DETROIT (WXYZ) - The FBI says it's being flooded with new leads on its expanding investigation into Wayne County, and tonight, multiple sources are telling us what the feds should be looking into, if they're not already.
Has Robert Ficano's administration been running a campaign fundraising operation out of the county's headquarters? Absolutely, say multiple sources, and at the center of it all is Assistant County CEO Nader Fakhouri.
The sources, with direct knowledge of the county's campaign operation, say Fakhouri and a team of other appointees have violated campaign laws by spending county time doing political work. It includes raising money for Ficano's campaign fund, his political action committee, and his own charity, the Robert Ficano HOPE Foundation.
Each of the funds are flush with cash. Ficano's campaign fund raised $1.7 million in last year's election cycle. His political action committee has raked in $432,945, making it the third largest of its kinds in the state. And Ficano's charity took in almost $94,000.
As Ficano's chief fundraiser, sources say Fakhouri rarely performs real county work. One source who required anonymity for fear of retribution said: "Nader Fakhouri directs staff in political and charitable fundraising…Much of the work is done during normal business hours."
According to another source familiar with Fakhouri's work schedule, he spends his time "meeting and having lunch with people who write checks, picking up checks and attending to the needs (of) the people who write those checks. Nader sometimes meets with the executive staff and sometimes has other tasks, but his main job duty … is to deal with the day to day requirements that come with raising the money."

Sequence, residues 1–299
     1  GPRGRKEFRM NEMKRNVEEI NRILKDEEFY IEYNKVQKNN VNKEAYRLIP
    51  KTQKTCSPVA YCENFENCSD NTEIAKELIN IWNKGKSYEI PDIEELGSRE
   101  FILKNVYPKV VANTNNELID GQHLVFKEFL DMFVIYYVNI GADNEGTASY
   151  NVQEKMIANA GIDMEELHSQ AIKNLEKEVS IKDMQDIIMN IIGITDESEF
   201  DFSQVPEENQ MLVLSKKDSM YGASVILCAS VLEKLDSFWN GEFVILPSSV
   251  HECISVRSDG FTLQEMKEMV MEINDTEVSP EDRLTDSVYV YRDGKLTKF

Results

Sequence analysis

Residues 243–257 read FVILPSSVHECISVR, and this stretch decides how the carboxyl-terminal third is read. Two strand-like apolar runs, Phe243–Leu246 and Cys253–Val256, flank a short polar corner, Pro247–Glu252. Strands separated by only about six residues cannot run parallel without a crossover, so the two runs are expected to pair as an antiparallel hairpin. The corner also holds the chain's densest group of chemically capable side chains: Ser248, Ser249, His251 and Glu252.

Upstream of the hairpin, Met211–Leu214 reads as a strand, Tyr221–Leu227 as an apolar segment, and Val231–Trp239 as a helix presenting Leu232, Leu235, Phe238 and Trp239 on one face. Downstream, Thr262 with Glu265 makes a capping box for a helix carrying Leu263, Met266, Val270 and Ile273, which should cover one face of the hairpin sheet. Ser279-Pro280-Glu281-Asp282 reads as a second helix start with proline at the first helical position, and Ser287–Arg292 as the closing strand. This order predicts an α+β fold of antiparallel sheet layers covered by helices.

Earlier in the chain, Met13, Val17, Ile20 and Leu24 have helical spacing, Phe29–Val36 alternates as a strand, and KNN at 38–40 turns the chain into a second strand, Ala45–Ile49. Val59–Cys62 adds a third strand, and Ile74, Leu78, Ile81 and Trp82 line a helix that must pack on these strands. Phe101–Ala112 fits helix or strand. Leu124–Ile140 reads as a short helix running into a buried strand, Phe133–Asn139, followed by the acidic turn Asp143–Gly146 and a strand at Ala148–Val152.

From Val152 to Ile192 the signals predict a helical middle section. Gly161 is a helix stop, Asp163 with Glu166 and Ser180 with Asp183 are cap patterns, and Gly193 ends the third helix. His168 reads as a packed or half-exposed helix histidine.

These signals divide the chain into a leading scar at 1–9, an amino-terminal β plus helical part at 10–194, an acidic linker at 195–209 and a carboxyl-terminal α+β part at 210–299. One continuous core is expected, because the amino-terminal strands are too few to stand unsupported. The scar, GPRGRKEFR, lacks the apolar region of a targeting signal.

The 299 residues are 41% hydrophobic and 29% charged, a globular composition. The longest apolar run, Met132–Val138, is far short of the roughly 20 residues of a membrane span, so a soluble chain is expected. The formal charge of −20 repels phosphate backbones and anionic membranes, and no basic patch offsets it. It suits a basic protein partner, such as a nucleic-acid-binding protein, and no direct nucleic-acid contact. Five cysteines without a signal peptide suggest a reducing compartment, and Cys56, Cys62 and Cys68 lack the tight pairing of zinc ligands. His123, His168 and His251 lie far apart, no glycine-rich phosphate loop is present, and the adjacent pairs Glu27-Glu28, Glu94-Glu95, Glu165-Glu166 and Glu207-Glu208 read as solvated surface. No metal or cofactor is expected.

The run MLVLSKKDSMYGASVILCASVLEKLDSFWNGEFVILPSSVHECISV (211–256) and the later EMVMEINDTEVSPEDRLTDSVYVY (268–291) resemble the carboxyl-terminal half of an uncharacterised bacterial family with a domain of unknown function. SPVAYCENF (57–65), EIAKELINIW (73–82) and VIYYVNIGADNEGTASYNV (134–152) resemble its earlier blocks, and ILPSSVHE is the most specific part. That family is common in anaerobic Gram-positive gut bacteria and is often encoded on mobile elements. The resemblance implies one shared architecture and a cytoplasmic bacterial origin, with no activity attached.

Law experts say that would violate Michigan's campaign finance rules, which prohibit employees paid with taxpayer money from performing any political work while on their taxpayer funded jobs. Fakhouri's $140,000 a year salary is paid out of the county's technology department.
"If someone's working a substantial portion of their day on a campaign, that would appear to violate the campaign finance statute," said former federal prosecutor Peter Henning.
Henning says while violations like the ones alleged could be of interest to the FBI and the state. The penalty is stiff: up to one year in prison.
"Any prosecutor would want to have eyewitness testimony. Usually the way these cases are made involving campaign finance or more generally governmental corruption is to get the cooperation of someone who was involved," he said.
Reached by phone, Fakhouri said he has never done political work on county time. He says he's recovering from a health ailment, and is currently on vacation from his county job. County officials are also denying the allegations, calling them "absolutely false."
County spokeswoman Brooke Blackwell provided timecards for Fakhouri. Over a three-month period, they show he worked mostly 8 hour days. Blackwell says Fakhouri and his team do perform county work like: attending budget meetings, managing community outreach programs for seniors, and working on the county's deficit reduction plan.
Fakhouri's sister has financially benefitted from Ficano's campaigns. Campaign records for his political action committee show that it's doled out tens of thousands of dollars to an IT company based in Troy. The company is registered to Fakhouri's sister Najwa, and has received payments over the last three years totaling more than $93,000. Ficano's campaign fund has also paid the company even more: another $131,000 since 2009. Filings show that the company performs "consulting" for the campaign. We went to the company to talk to the owner. All we found was a post office box at a UPS Store in Troy.
Ficano's administration has been accused of breaking the law before on this very issue. In 2006, a former Wayne county employee filed suit against Ficano, saying she was fired for refusing to raise funds on county time. That case was settled out of court.
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